This paper argues with Kant that the only justifiable basis for a legal system is an innate right to freedom, which is defined as the right to be subject only to universal law and not to the arbitrary choices of others. Since rightful interaction is possible only within public institutional frameworks, we cannot respect one another's innate right to freedom simply by interacting as virtuous individuals or as just states. In fact, only public authorities can have coercive authority, the rightfulness of which is dependent upon the institutional framework constitutive of them. Of particular interest here is the requirement on states to provide public, institutional solutions to problems such as poverty and the failures of economic and financial systems. In addition, I pay special attention to why only the national public authority can establish a monopoly on coercion even though the establishment of a public authority is constitutive also of transnational rightful relations.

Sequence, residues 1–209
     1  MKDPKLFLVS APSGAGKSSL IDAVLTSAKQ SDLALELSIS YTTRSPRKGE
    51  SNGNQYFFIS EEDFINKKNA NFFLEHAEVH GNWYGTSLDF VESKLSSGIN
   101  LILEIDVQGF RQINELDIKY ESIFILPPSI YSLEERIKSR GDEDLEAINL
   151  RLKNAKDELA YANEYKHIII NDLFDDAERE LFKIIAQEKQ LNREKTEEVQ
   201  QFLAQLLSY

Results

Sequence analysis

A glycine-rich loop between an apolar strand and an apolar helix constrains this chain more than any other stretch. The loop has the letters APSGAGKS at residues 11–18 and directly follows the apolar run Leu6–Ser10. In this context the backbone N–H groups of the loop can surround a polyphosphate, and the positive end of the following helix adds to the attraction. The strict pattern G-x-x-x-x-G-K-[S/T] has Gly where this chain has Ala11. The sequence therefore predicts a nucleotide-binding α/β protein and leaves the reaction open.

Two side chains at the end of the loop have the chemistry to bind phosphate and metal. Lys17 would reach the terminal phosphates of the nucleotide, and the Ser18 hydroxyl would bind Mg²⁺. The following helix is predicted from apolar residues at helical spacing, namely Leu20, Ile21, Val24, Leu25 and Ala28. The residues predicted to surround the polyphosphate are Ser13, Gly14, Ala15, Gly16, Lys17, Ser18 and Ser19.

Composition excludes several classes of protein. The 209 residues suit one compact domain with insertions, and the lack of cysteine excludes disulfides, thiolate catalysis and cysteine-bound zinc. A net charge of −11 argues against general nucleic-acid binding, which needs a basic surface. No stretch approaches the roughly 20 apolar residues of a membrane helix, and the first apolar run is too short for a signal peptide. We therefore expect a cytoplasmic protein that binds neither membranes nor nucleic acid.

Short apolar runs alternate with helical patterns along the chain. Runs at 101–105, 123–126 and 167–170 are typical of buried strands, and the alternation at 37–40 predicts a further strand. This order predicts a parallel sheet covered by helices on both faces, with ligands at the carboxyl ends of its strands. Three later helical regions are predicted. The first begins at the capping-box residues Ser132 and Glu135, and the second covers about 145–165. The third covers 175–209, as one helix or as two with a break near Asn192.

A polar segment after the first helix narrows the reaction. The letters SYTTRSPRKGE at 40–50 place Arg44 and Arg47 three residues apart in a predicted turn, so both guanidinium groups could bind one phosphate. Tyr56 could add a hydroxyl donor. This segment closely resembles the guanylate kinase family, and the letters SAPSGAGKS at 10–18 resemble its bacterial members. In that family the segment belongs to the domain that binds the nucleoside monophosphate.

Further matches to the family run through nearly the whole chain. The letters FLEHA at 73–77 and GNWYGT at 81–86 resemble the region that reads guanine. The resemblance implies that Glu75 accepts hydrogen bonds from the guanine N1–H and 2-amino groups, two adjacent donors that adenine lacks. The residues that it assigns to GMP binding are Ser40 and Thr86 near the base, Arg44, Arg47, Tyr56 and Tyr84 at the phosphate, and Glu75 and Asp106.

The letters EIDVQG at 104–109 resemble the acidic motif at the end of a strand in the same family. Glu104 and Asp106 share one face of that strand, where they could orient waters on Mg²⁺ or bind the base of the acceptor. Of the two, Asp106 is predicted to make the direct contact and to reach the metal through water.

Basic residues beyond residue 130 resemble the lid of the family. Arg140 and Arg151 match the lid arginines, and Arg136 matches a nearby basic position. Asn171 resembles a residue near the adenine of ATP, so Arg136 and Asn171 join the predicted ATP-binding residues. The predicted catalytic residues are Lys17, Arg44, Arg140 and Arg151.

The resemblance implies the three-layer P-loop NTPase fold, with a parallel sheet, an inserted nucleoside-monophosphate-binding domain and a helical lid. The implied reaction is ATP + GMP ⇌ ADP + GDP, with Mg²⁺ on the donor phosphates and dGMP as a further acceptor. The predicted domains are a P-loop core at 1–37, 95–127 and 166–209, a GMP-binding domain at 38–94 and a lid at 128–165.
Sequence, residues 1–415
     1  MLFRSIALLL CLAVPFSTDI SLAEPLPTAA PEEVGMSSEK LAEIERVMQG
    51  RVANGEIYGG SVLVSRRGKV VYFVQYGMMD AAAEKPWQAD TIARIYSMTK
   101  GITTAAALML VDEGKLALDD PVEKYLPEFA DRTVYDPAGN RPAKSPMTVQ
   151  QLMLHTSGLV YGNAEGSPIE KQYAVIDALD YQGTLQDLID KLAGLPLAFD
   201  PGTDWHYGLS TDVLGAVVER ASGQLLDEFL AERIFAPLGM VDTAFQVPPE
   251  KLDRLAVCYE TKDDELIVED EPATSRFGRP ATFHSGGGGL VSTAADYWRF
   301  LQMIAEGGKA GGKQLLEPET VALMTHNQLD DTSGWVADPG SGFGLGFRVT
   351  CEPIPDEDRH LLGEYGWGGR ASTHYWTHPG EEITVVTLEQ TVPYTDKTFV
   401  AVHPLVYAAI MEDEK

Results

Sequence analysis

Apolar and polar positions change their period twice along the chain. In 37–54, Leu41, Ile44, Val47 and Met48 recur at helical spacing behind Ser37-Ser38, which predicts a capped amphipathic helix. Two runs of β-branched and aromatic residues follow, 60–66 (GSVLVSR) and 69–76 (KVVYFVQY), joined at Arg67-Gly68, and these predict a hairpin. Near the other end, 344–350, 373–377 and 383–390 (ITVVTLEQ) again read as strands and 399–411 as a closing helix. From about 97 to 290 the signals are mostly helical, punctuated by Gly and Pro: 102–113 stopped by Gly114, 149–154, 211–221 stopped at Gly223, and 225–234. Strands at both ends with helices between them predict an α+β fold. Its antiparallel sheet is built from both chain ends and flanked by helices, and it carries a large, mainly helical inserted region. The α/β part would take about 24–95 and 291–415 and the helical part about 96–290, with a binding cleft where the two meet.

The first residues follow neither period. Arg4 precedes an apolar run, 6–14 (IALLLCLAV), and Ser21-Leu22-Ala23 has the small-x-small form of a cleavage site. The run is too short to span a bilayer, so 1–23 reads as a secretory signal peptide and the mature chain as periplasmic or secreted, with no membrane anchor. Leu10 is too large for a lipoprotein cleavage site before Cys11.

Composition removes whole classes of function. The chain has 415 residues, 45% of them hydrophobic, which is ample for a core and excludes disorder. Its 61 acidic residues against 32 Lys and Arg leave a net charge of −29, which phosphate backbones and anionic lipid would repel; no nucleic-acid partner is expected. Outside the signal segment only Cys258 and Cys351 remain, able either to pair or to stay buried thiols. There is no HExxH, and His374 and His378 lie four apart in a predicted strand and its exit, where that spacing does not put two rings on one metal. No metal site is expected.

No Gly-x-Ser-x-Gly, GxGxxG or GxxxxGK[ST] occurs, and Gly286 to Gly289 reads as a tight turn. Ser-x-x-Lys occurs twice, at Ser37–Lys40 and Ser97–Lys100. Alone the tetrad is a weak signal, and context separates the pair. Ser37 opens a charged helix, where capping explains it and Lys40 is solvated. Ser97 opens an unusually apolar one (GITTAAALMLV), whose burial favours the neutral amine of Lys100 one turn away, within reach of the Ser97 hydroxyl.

|Original language||English (US)|
|Number of pages||25|
|Journal||Archiv fur Rechts- und Sozialphilosophie|
|State||Published - Jan 2008|
- state of nature
- public authorities
- civil society